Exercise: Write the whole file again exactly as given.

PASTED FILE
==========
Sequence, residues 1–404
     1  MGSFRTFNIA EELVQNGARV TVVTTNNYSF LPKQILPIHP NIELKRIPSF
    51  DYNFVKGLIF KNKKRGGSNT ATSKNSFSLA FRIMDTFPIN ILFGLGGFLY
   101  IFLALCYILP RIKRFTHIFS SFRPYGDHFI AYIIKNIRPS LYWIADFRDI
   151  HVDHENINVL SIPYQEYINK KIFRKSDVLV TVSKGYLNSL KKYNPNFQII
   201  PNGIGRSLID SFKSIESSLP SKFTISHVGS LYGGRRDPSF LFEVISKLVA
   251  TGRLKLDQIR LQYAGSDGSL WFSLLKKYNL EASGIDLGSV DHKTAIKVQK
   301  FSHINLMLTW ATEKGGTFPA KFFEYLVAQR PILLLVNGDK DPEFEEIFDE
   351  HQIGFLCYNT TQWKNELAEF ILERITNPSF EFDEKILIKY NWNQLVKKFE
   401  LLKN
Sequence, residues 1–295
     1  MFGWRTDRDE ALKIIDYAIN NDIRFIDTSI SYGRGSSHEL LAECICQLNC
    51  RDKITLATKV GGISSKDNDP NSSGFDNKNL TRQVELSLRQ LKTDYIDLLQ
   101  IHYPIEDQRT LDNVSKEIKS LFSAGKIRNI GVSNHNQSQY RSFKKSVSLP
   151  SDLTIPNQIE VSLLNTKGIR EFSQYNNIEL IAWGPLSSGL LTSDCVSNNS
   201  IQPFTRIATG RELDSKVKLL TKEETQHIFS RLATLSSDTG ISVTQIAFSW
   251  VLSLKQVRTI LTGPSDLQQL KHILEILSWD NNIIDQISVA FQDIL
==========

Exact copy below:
Sequence, residues 1–404
     1  MGSFRTFNIA EELVQNGARV TVVTTNNYSF LPKQILPIHP NIELKRIPSF
    51  DYNFVKGLIF KNKKRGGSNT ATSKNSFSLA FRIMDTFPIN ILFGLGGFLY
   101  IFLALCYILP RIKRFTHIFS SFRPYGDHFI AYIIKNIRPS LYWIADFRDI
   151  HVDHENINVL SIPYQEYINK KIFRKSDVLV TVSKGYLNSL KKYNPNFQII
   201  PNGIGRSLID SFKSIESSLP SKFTISHVGS LYGGRRDPSF LFEVISKLVA
   251  TGRLKLDQIR LQYAGSDGSL WFSLLKKYNL EASGIDLGSV DHKTAIKVQK
   301  FSHINLMLTW ATEKGGTFPA KFFEYLVAQR PILLLVNGDK DPEFEEIFDE
   351  HQIGFLCYNT TQWKNELAEF ILERITNPSF EFDEKILIKY NWNQLVKKFE
   401  LLKN
Sequence, residues 1–295
     1  MFGWRTDRDE ALKIIDYAIN NDIRFIDTSI SYGRGSSHEL LAECICQLNC
    51  RDKITLATKV GGISSKDNDP NSSGFDNKNL TRQVELSLRQ LKTDYIDLLQ
   101  IHYPIEDQRT LDNVSKEIKS LFSAGKIRNI GVSNHNQSQY RSFKKSVSLP
   151  SDLTIPNQIE VSLLNTKGIR EFSQYNNIEL IAWGPLSSGL LTSDCVSNNS
   201  IQPFTRIATG RELDSKVKLL TKEETQHIFS RLATLSSDTG ISVTQIAFSW
   251  VLSLKQVRTI LTGPSDLQQL KHILEILSWD NNIIDQISVA FQDIL